Batman: The Telltale Series

In a digital space completely dominated by Rocksteady Studios, Telltale has decided to throw their hat into the ring. Albeit with an incredibly different experience, but still one worth enjoying for any Bat-fan.

Batman: The Telltale Series is the latest of Telltale’s narrative point-and-click adventure games. From August onwards, an episode has been released once a month, with four of the five episodes for this season currently being available at the time of this review. Episode 5 is likely to drop sometime in late December.

Without delving too much into story specifics, this season follows Bruce Wayne/Batman (voiced by Troy Baker) as he lives his secret double life. By day he supports his close friend Harvey Dent’s mayoral campaign to rid corruption from Gotham City. By night he strives for the same goal, just with different methods. However, his double-life is turned on its head when an old friend returns to town, and dark secrets from his family’s past begin to resurface.

While it’s difficult to discuss the plot as a whole without the final episode, so far Telltale has proven that they know how to write a stellar Batman story. While it draws inspiration from the comics, the studio has crafted a brand new Bat-mythos with clever twists on old ideas and fresh faces on familiar characters. All of the changes make it tough for even the most experienced Bat-fan to predict exactly what is going to happen. Telltale’s Batman has more twists and surprises than M. Night Shyamalan fan-fiction, coupled with impressive writing and performances. The story so far has formed a daring Batman narrative that’s likely to end in spectacular fashion.

Along with the story comes Telltale’s trademark decision-making and light point-and-click adventure elements. Like other Telltale games, many of the decisions don’t have a dramatic influence on proceedings, but are written in such a way that it feels like they do. The biggest boon with this being interactive is that it allows you to develop relationships with characters that other mediums such as film and comics can only dream of. This gives the entire season an emotional wallop, as it’s so much harder to punch a former friend in the face when you’ve spent three episodes by their side, sympathising with them.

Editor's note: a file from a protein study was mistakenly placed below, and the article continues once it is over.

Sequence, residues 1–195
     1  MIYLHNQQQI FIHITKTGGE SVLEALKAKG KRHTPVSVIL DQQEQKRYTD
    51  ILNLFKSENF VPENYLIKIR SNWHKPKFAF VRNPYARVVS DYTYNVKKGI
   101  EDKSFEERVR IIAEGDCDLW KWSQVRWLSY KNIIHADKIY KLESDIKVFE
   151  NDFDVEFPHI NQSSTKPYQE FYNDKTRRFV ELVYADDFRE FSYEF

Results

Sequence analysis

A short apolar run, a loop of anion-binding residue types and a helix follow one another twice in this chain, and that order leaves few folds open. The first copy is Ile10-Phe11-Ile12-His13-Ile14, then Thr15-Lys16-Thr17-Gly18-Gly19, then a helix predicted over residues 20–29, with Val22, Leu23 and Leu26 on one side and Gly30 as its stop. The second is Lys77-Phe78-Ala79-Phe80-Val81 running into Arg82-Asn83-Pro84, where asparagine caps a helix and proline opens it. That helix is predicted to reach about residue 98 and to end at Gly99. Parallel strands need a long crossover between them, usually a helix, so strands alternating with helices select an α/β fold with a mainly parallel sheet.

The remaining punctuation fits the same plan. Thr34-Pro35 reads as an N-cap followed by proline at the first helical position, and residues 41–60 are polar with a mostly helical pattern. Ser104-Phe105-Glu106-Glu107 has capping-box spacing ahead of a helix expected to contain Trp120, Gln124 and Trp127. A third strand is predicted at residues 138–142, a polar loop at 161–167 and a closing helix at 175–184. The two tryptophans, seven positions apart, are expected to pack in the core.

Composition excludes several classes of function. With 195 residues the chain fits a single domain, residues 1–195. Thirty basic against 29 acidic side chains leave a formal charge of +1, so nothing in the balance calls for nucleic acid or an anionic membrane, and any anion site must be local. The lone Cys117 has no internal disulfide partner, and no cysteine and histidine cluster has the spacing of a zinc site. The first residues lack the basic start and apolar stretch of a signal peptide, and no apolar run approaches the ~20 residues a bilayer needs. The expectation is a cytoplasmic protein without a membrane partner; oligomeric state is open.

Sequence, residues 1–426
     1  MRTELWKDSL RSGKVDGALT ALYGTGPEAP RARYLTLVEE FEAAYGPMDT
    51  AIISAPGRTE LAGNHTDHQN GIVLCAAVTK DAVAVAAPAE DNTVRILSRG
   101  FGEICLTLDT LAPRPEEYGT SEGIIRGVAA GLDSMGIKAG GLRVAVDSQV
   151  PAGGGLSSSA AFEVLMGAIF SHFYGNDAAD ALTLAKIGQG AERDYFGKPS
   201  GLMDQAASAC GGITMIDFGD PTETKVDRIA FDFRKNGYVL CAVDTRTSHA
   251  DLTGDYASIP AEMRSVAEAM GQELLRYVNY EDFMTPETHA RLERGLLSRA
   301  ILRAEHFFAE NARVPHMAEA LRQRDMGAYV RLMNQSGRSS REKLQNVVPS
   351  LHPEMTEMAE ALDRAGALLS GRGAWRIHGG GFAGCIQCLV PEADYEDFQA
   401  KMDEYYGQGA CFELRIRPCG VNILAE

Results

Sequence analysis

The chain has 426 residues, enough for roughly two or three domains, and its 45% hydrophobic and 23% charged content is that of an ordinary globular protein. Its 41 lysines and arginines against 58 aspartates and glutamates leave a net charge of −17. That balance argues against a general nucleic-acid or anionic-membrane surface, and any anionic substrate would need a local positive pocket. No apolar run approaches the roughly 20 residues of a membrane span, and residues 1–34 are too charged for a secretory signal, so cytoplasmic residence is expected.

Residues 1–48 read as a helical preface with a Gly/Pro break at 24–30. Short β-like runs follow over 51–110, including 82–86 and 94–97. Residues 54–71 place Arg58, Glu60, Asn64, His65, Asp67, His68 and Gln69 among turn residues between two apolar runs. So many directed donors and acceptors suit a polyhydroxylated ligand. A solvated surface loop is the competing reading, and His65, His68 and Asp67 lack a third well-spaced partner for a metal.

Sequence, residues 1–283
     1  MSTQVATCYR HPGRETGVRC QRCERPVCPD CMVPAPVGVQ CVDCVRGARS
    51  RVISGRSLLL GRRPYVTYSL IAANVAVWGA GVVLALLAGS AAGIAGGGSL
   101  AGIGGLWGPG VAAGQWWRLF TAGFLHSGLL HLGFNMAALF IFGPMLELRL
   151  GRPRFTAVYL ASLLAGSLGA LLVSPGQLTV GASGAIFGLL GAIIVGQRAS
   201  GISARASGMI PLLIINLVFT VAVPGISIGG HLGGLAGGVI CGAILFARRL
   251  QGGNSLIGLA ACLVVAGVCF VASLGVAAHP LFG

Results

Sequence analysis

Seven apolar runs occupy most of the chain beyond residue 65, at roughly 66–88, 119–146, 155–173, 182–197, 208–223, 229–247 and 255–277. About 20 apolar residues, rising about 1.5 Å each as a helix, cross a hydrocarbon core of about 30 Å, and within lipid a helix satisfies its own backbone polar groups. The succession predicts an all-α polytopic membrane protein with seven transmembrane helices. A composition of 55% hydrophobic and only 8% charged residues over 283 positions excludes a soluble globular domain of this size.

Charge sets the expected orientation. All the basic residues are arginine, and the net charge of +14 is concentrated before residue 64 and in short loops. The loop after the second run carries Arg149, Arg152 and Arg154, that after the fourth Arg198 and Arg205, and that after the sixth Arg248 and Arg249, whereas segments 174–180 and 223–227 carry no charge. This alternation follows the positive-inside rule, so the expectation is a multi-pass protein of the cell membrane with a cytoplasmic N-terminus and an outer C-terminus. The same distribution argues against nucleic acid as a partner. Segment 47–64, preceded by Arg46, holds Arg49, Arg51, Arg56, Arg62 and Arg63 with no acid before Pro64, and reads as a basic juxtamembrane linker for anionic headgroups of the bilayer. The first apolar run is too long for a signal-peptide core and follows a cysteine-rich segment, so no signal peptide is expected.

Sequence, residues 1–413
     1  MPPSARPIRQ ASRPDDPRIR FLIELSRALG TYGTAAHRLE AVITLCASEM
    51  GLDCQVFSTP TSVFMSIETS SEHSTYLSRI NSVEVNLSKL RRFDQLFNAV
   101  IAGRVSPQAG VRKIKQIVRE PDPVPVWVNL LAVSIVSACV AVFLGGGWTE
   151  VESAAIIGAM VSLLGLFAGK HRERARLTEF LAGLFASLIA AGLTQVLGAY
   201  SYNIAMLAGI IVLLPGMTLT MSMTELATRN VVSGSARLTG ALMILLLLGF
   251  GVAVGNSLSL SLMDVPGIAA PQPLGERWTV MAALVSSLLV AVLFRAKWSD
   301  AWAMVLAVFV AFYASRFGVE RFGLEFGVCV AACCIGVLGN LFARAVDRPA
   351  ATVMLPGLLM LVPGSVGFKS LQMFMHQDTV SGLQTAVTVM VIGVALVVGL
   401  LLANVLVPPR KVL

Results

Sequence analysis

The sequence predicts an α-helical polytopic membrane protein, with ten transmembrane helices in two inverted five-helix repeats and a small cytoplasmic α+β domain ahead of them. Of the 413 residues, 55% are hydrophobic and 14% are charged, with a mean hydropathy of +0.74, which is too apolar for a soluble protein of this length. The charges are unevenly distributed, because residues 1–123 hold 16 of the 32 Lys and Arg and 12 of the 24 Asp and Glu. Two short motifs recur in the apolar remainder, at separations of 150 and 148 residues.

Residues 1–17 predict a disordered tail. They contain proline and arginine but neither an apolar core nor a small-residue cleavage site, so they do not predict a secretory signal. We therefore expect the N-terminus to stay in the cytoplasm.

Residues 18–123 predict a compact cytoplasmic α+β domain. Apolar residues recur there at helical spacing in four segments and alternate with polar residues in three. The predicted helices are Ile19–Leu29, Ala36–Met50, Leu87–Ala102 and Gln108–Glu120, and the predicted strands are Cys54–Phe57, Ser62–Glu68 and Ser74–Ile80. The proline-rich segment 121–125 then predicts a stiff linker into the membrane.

As for the rest of Telltale’s typical gameplay, it’s a bit hit and miss. Combat is as simple as a straightforward quick-time event, forcing the players to press specific buttons as the prompts appear on-screen. While the action sequences themselves are well choreographed and exciting, the minimal player input doesn’t give it the same thrill as the Arkham franchise. There’s also a number of moments that ask you to play detective,  through investigating crime scenes and piecing together evidence. Unfortunately, however, it never gets more complicated than clicking highlighted items and drawing links between them. It doesn’t make you feel particularly smart, which is not a good thing when you’re supposed to be ‘The World’s Greatest Detective’.

Sure, there’s the possibility it will get more complicated in the season finale, but judging on the first four episodes that possibility seems just as likely as Alfred being revealed as the Joker.

The biggest issue by far is of the technical kind. It’s clear the one type of problem Batman can’t solve is of the performance variety – everything from the framerate to broken audio is a culprit throughout the four episodes. The worst thing is, Telltale hasn’t fixed it. Even though each episode was released a month apart, there is almost no improvement over the course of the season. Episode one is just as broken as episode four.

Here’s hoping Batman has some bug repellent on that utility belt to use during the season finale, as the bugs heavily undermine what is otherwise a great game.

Combining one of the most popular franchises in history with one of the best storytellers in videogames seems like a formula for success. And in many ways, it is. Batman: The Telltale Series represents the peak performance of writing and plot Telltale can offer, and it’s been a joy to see a wholly original and unique Bat-story take shape over four episodes. If it wasn’t for the swarm of bugs and flat detective gameplay, this would be worthy of Batman himself. But otherwise, any Bat-fan worth their batarangs owes it to themselves to check this out. Just wait for the final episode (and a hefty patch) before exploring Gotham.


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May 2022
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